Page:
Concord, NH - The Concord Monitor editorial board joined the Nashua Telegraph editorial board, Keene Sentinel editorial board, and the Portsmouth Herald's executive editor in calling for James O'Keefe and his vote fraud team to be prosecuted to the fullest extent of the law. In a sharp contrast, GOP House Leadership applauded the potential criminals who used the identities of recently deceased New Hampshire residents at primary day polling locations without their permission. House Republican leader DJ Bettencourt went so far as to commend their "guts."
Concord Monitor: Give O'Keefe, vote fraud team the max
The best way to prevent voter fraud would be to prosecute the conservative propagandists from Project Veritas to the fullest extent of the law - not to enact a photo identification law whose real purpose is to disenfranchise predominantly elderly and low-income citizens.
The group, led by right-wing activist James O'Keefe III, videotaped 10 instances of men posing as recently deceased voters as they requested a ballot from election officials. In nine of 10 cases, they succeeded; one ballot official personally knew the departed voter, whose name had not yet been removed from the rolls.
Federal law excludes isolated acts of fraud by individuals and applies only to organized efforts like that conducted by O'Keefe's group. It is a crime to obtain a ballot, even when the impersonator does not actually cast a vote, punishable by a fine of up to $5,000 under New Hampshire law and up to $10,000 plus five years in prison under federal law. Our recommendation? Ten counts of fraud, 10 maximum fines for the men who requested ballots and, in addition to a fine, a little time behind bars for O'Keefe, if it can be proved that he organized, funded or approved the plot.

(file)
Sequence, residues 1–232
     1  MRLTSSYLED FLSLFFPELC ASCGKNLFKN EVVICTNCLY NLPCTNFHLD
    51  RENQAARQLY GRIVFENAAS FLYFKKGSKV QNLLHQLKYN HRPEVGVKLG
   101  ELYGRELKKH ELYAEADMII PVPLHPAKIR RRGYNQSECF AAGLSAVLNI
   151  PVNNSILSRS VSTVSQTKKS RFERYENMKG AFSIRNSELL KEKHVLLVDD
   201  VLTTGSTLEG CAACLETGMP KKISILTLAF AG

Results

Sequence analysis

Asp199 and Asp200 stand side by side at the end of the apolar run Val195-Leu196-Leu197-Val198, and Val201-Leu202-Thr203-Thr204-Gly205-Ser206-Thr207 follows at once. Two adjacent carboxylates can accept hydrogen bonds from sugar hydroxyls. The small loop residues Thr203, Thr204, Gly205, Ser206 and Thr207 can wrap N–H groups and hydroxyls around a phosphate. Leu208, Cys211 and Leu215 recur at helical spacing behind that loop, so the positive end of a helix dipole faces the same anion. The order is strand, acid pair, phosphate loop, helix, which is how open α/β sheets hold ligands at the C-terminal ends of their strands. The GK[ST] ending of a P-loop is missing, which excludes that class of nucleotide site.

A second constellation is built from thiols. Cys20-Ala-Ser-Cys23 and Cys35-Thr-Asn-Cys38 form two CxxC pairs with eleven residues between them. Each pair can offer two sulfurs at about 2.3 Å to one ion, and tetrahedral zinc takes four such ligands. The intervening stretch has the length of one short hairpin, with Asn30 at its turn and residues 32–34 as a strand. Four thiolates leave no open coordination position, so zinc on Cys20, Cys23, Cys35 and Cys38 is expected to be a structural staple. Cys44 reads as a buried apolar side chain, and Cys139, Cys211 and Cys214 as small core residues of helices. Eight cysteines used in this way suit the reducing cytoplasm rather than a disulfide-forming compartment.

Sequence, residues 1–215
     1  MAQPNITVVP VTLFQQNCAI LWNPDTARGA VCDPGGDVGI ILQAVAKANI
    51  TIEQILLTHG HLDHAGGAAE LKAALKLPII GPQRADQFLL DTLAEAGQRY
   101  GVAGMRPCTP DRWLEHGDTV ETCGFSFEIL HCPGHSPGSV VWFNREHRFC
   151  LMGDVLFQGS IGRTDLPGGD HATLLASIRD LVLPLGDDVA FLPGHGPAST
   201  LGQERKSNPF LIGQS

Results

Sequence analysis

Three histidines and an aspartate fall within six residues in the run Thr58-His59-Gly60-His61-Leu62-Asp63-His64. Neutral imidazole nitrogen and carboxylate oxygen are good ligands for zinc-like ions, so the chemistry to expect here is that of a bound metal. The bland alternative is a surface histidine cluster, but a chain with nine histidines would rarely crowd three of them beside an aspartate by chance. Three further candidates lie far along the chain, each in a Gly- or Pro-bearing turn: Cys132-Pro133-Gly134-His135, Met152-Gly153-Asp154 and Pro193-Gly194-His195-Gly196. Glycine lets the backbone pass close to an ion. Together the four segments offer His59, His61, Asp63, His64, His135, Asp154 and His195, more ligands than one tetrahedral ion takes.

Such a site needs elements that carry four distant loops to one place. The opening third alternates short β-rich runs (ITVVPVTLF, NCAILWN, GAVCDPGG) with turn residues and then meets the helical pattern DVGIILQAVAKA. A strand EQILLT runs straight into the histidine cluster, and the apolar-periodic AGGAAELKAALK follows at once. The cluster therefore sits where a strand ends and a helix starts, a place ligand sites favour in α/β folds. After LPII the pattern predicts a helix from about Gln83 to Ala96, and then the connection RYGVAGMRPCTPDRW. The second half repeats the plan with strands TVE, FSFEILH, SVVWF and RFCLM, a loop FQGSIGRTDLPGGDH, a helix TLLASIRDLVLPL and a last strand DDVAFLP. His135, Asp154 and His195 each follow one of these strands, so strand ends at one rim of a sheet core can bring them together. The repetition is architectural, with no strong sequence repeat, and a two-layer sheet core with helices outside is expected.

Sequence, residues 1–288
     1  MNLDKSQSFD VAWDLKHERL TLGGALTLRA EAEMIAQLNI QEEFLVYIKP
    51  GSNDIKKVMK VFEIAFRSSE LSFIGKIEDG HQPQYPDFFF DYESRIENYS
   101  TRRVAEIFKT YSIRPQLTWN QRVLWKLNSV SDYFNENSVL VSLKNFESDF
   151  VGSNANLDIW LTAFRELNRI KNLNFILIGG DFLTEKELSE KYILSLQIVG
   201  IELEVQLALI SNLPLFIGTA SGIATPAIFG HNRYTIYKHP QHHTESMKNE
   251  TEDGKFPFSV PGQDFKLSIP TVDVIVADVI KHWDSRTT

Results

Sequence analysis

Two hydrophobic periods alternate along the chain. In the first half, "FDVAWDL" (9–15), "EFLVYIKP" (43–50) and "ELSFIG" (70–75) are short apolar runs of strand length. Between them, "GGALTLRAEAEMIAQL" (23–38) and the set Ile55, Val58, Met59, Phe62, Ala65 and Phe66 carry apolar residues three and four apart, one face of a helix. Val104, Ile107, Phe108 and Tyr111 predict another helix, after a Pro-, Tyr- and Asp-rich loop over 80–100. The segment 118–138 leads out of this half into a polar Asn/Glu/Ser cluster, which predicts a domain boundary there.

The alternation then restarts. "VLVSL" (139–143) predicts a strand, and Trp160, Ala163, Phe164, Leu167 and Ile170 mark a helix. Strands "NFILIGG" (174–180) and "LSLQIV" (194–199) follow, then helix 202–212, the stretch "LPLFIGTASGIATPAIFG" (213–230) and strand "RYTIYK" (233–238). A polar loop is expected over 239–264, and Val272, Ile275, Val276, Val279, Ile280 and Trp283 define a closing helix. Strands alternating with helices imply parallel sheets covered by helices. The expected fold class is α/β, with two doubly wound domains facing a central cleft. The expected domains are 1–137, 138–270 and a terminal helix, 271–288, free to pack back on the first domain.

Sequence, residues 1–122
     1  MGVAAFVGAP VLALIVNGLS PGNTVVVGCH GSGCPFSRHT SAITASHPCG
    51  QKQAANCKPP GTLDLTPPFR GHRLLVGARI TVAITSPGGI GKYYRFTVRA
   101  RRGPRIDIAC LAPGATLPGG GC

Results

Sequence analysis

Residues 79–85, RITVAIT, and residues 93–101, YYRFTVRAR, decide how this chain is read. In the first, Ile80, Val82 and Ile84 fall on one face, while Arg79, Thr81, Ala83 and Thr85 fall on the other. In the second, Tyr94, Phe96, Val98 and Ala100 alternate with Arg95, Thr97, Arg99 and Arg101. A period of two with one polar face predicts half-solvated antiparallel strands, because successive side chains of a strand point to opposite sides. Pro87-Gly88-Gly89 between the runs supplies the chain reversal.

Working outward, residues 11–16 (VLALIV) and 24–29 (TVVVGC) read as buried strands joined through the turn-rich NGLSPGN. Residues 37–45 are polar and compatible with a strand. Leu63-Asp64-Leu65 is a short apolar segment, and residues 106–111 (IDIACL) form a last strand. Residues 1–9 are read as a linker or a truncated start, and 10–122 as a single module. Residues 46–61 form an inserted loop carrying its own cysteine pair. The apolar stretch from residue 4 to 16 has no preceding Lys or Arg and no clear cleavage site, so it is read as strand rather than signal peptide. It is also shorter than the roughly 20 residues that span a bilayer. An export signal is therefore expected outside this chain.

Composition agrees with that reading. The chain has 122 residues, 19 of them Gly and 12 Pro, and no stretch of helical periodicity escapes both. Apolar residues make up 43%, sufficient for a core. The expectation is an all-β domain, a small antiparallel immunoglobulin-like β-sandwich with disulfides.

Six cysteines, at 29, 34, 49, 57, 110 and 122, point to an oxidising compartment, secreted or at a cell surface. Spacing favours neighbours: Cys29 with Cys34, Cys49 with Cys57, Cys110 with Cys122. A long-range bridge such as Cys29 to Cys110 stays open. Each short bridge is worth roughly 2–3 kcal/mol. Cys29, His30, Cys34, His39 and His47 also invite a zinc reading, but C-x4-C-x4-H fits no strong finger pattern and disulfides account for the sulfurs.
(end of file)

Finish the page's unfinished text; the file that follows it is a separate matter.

House Speaker William O'Brien wasted no time in claiming that the orchestrated fraud by the out-of-state group demonstrated the need for a law requiring a photo ID to vote. O'Brien went on to express the Chicken Little fear that O'Keefe's prank could lead to challenges to New Hampshire's first-in-the-nation presidential primary position.
Though no one can say with certainty whether voter fraud has occurred and gone unnoticed, there has been just one documented instance in New Hampshire in recent decades. Similarly, a study of federal cases of voter fraud found that between 2002 and 2005 only 24 people were convicted or pleaded guilty to voting illegally. The low count was not due to inattention. During that period the Department of Justice made a concerted effort to determine whether voter fraud was a serious concern. It isn't.
O'Keefe's outfit has carried out a number of stings employing hidden cameras. In this case, the use of them was likely legal, since the people filmed were public officials captured in the act of performing their official duties. Securing ballots by posing as dead people is a different story - but it's also something that, in the real world of elections, happens rarely if at all. The call by Republican lawmakers for ever tougher voting requirements is nothing more than an attempt to deny the vote to people who might oppose their positions or candidates.
It is important that no one not entitled to cast a ballot do so. But it is equally important that no citizen legally entitled to vote be denied that right by the erection of unnecessary barriers. Requiring photo identification would disproportionately disenfranchise the young, the old, minorities and the poor. But since counterfeit identification is easily obtained, it would do little or nothing to safeguard elections.
The best way to ensure the sanctity of the vote is to make the penalty for daring to obstruct, defraud or otherwise game the system so onerous that only a fool would risk it.